Many of our clients inform us that the police did not read them their Miranda Rights when stopped for a DUI. Unfortunately, when stopped on the suspicion of a DUI, the arresting officer is not required to read you your rights. This procedure is only specific to DUI cases, and does not apply to other criminal arrests.
Miranda rights only apply to criminal cases and should be given when a person is submitted to custodial interrogation. Custodial interrogation is when you are taken into mandatory custody, and are interrogated by officers. If you are voluntarily there, and are choosing to answer any questions officers have, Miranda Rights do not have to be read.
For example, let’s say you go into a police station to talk to Officers about something you have seen.sThe officers ask you to answer a few questions in the waiting area and you agree. Even if later you are accused of being a suspect in the crime, the questions you answered may be used as evidence. Miranda Rights were not necessary because there was no custodial interrogation. You were not taken into custody against your will, and you were not questioned by officers while in custody. When officers ask you questions that you voluntarily answer, it is considered to be investigative. Officers have a duty to gather facts and investigate, and when they ask you questions to learn information, it is considered to be investigative, not an interrogation.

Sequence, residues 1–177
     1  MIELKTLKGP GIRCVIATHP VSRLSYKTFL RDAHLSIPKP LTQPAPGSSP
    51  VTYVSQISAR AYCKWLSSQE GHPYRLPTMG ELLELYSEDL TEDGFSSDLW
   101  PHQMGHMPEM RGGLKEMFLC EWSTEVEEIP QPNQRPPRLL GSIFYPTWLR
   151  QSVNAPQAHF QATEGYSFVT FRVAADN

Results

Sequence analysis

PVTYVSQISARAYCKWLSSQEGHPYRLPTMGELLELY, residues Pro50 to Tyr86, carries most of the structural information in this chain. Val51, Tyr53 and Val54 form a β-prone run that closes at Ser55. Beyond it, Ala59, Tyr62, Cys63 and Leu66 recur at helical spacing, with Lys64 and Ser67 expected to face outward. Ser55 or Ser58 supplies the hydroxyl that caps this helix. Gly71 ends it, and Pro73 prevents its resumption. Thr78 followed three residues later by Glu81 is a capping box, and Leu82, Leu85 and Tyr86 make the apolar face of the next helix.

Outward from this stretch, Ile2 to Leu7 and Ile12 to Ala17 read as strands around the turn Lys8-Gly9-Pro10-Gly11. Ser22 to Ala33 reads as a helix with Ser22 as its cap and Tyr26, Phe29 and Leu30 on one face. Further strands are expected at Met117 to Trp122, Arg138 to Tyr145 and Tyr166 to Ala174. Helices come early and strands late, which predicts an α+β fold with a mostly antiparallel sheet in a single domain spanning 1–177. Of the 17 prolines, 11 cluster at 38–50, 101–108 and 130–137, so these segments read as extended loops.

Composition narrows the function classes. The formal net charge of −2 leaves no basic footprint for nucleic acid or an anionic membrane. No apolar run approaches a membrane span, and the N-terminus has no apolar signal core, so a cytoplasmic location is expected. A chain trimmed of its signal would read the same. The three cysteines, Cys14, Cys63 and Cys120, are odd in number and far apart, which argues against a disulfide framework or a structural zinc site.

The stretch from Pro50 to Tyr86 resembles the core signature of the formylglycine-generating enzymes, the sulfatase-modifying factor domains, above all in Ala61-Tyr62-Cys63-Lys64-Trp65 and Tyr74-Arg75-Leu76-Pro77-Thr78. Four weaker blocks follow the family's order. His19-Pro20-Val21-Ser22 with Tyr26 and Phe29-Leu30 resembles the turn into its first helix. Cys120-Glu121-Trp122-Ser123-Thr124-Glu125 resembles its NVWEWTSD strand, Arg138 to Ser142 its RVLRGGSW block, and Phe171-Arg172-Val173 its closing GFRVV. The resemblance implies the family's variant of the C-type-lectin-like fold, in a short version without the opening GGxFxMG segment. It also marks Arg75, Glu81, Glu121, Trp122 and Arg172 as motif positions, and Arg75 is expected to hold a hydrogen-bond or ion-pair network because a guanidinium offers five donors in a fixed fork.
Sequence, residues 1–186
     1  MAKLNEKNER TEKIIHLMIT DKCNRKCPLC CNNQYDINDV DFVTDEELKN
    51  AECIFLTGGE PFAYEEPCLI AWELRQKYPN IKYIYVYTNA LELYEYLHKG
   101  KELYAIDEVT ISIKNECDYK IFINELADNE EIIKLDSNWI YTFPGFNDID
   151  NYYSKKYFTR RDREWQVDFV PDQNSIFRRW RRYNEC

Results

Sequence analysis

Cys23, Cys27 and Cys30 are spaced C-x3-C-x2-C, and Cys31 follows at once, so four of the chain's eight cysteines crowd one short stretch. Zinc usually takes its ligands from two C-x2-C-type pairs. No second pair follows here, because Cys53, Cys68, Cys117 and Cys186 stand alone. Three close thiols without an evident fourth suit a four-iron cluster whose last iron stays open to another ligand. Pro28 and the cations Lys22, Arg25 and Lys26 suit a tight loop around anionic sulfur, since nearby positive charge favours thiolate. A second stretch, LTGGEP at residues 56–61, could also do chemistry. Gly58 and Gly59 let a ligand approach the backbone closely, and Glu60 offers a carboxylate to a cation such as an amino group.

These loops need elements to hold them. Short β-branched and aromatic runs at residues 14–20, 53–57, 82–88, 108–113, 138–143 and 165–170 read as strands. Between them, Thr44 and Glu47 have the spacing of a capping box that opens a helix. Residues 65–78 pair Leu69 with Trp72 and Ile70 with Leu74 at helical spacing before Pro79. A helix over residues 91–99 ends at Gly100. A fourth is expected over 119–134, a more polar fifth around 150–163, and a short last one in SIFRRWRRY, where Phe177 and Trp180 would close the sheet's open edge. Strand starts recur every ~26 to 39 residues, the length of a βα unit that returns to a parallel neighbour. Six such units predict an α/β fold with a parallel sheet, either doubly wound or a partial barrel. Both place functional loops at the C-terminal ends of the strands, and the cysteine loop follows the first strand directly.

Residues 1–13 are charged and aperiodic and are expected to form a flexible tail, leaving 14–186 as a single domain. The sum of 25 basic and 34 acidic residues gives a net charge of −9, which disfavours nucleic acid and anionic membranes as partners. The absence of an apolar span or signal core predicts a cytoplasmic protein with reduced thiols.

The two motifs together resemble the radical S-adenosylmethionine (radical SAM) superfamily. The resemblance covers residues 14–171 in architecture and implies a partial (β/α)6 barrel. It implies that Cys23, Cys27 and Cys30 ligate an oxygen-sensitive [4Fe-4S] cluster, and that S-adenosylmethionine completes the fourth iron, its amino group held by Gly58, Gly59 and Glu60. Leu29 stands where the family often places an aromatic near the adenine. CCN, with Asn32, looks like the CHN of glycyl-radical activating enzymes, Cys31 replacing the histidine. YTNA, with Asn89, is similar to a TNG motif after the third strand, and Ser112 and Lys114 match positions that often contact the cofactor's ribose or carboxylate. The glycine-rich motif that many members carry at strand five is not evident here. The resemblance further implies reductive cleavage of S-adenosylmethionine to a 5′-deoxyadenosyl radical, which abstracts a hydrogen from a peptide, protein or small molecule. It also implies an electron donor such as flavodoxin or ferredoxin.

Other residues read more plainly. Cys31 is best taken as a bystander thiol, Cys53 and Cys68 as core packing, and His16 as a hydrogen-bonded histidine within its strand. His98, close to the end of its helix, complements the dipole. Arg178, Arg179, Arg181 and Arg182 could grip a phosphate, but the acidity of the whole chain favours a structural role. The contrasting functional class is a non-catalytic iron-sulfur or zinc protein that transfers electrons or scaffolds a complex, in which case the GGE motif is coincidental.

During a DUI stop, police officers will ask you many questions as part of their investigation. They may ask you if you have been drinking, what you had been drinking, and how long it has been since your last drink. These are all routine questions they ask to gather facts and evidence. It is merely part of their investigation, not an interrogation since you have the right to remain silent, and politely decline to answer any questions.
An experienced California DUI Specialist can tell you what rights you have during a DUI arrest, and when they have been violated. Protect yourself and learn the different defenses you may have when you have been stopped on the suspicion of a DUI.